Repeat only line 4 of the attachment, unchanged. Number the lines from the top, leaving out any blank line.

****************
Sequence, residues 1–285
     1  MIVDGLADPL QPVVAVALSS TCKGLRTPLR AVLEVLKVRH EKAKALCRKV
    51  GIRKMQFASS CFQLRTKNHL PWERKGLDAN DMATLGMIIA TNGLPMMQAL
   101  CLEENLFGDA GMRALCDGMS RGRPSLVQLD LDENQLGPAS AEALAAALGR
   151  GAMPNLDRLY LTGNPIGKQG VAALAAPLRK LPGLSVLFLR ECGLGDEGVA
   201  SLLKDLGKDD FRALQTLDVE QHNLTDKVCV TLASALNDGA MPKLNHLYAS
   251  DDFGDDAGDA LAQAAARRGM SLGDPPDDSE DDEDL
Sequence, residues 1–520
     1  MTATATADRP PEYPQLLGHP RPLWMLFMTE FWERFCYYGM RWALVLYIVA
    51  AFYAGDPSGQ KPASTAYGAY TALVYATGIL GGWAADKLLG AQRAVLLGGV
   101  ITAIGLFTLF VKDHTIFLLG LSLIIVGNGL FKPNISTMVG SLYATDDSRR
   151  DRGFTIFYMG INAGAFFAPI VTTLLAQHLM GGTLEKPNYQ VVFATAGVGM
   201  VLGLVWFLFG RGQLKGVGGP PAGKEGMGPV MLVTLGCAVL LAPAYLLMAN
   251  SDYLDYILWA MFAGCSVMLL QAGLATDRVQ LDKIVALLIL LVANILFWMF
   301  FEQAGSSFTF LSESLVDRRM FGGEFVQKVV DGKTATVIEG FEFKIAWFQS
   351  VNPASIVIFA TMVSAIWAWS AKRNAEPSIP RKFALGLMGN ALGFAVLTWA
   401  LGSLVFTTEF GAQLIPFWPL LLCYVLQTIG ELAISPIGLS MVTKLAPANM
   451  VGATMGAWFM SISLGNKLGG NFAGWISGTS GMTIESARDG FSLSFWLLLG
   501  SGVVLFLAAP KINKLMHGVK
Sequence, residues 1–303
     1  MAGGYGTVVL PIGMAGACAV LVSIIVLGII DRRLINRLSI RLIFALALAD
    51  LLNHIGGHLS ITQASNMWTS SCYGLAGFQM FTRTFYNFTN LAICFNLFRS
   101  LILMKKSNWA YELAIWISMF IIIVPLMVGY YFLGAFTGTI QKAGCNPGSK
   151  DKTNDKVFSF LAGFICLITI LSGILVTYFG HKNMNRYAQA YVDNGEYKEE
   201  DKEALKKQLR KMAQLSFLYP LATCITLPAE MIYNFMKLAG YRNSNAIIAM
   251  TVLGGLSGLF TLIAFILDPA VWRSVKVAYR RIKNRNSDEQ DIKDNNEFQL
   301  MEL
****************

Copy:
   101  CLEENLFGDA GMRALCDGMS RGRPSLVQLD LDENQLGPAS AEALAAALGR